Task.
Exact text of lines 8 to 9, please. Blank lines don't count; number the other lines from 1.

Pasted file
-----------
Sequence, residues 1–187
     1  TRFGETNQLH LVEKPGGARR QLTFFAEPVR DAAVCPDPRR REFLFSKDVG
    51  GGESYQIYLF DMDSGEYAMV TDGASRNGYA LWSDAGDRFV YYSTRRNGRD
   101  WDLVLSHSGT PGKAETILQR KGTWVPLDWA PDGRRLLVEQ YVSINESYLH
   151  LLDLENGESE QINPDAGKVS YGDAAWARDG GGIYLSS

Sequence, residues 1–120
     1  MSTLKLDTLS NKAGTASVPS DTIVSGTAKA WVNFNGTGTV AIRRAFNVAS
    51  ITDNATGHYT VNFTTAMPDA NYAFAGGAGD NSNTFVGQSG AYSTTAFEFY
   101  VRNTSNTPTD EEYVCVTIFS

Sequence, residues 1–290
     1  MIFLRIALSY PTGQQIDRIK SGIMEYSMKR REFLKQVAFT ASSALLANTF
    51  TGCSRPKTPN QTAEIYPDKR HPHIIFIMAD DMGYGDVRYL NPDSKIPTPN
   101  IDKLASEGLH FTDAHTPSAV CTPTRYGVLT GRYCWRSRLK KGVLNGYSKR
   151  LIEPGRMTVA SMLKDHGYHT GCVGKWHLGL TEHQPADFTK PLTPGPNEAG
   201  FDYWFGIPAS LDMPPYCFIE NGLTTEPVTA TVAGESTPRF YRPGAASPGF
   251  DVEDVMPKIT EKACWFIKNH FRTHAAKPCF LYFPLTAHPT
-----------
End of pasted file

    51  ITDNATGHYT VNFTTAMPDA NYAFAGGAGD NSNTFVGQSG AYSTTAFEFY
   101  VRNTSNTPTD EEYVCVTIFS